Pediatric Radiology > Genitorinary > Tumors > Imaging of Wilms Tumor

Imaging of Wilms Tumor

Wilms tumor presents as a large mass with a mean diameter of 12 cm arising from the cortex of the kidney. Ultrasound is the first imaging modality used to evaluate an abdominal mass, although CT is frequently utilized. The "claw sign" will indicate the mass is arising from the kidney. In addition there will be intrinsic displacement of the renal collecting system. The mass will be hyperechoic on ultrasound with areas of heterogeneity. On CT Wilms tumor is a predominately solid enhancing renal mass. On both imaging studies there will be areas of heterogeneity due to hemorrhage and necrosis. Calcifications are uncommon, seen in less than 15%. On both imaging studies, it is important to look for invasion of the renal vein, IVC and right atrium. Pulmonary metastasis are relatively common (20%).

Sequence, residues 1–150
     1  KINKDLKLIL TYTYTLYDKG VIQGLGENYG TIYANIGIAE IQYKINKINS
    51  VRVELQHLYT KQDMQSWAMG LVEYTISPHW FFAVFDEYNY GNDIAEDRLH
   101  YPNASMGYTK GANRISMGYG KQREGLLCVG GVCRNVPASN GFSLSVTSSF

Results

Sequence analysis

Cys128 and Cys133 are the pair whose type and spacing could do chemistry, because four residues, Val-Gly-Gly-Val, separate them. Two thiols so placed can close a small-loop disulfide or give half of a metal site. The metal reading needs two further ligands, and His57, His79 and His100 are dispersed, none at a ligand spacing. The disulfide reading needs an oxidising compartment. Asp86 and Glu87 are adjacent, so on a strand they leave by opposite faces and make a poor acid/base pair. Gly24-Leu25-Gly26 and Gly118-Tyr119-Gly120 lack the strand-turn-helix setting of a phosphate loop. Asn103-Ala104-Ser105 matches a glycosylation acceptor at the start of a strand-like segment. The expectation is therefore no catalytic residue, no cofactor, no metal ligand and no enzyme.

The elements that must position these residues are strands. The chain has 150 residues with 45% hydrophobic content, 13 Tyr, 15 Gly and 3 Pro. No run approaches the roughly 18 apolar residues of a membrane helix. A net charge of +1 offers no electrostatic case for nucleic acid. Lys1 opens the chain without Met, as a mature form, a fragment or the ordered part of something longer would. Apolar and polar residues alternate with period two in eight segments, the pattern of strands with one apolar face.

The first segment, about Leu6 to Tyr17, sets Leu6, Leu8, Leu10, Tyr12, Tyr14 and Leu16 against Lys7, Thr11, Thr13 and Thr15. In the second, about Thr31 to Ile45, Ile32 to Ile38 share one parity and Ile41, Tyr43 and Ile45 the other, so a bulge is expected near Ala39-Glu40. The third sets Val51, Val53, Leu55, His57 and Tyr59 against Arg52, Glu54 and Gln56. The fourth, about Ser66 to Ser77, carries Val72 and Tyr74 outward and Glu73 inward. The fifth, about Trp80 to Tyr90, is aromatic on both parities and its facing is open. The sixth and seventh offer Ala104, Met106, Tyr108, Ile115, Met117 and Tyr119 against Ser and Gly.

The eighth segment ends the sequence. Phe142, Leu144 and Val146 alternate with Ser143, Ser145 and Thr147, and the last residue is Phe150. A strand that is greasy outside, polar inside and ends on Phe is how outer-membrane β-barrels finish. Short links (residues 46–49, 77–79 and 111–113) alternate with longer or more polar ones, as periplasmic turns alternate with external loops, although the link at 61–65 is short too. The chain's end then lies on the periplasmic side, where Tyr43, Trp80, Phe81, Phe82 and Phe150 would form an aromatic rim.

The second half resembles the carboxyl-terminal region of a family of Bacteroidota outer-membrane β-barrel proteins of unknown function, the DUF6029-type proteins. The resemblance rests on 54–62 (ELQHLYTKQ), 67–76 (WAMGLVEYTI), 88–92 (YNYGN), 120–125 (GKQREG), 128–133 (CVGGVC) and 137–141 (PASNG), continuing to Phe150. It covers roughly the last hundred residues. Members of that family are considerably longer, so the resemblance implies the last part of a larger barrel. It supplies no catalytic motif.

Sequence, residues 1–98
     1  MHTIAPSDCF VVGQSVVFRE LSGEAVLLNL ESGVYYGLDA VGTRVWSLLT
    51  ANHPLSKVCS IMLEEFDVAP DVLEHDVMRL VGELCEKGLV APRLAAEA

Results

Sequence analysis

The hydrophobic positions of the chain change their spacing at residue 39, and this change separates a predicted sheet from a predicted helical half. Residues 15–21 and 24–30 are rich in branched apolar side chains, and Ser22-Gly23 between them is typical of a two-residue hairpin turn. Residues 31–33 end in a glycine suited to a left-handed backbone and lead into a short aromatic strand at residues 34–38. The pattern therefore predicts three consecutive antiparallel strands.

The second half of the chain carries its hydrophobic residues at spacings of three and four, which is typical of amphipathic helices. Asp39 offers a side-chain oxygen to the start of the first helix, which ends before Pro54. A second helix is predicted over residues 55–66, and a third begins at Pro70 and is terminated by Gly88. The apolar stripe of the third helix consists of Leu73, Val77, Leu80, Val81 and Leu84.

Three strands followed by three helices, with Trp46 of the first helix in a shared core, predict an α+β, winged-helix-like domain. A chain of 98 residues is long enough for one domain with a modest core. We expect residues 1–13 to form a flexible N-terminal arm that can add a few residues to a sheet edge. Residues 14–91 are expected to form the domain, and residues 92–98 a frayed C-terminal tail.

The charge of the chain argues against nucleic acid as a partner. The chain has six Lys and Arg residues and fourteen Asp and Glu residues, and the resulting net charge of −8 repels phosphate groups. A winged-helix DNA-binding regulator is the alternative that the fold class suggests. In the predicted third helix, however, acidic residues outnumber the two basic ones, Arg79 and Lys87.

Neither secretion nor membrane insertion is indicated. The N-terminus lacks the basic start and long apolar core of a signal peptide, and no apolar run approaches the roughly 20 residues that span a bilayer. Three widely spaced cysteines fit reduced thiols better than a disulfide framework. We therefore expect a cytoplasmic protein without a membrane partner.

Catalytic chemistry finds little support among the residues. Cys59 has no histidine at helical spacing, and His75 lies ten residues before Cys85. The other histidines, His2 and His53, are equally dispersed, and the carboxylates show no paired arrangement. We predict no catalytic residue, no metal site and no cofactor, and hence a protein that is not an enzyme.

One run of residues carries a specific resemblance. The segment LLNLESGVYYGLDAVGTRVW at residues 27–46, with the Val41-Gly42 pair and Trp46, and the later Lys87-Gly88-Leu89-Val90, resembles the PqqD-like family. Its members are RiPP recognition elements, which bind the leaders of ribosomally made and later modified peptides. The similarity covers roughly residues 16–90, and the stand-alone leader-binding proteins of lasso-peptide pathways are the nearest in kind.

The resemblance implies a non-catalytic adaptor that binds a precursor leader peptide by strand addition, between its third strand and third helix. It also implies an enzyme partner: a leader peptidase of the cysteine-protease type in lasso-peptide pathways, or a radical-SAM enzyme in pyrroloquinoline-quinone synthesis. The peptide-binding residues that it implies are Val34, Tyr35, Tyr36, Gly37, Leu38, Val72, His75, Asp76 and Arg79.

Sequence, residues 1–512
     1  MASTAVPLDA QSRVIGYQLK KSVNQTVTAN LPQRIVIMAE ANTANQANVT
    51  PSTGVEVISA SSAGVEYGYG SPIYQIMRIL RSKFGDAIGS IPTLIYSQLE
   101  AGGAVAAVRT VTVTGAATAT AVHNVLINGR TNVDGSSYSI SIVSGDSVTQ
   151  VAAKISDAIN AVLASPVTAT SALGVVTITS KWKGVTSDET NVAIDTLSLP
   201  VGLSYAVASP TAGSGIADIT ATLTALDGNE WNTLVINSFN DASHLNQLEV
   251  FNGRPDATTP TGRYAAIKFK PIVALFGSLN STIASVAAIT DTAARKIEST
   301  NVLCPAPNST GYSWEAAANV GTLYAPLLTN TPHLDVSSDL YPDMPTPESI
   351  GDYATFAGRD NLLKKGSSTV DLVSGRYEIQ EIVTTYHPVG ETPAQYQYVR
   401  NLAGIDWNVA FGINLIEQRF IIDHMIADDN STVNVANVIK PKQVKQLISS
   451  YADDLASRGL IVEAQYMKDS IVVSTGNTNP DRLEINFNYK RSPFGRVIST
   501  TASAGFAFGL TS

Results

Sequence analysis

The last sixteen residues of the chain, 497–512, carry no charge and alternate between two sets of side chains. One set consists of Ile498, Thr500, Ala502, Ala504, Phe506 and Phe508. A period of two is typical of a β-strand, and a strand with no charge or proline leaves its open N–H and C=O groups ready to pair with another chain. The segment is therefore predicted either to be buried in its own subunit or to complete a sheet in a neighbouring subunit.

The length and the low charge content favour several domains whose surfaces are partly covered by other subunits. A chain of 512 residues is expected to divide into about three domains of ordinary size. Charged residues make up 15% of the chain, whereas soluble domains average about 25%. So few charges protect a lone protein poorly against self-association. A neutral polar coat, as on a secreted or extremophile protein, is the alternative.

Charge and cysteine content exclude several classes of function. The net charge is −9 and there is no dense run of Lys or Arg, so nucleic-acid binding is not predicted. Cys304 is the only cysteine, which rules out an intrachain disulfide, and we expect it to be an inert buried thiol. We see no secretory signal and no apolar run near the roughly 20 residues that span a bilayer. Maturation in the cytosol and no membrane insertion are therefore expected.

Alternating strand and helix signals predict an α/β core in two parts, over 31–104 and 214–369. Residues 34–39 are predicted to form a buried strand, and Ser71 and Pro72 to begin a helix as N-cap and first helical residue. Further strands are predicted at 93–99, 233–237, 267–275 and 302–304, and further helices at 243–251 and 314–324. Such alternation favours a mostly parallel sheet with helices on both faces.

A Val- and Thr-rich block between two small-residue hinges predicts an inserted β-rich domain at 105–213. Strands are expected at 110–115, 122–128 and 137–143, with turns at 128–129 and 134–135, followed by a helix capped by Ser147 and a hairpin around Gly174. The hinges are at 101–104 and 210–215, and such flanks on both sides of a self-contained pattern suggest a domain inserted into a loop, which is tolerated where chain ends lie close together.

Contrast enhanced CT of large mass arising from the kidney as evidenced by the claw sign and intrinsically displacing the renal collecting system. Note the absence of calcifications. Contrast enhanced CT demonstrating tumor involvement of the IVC.

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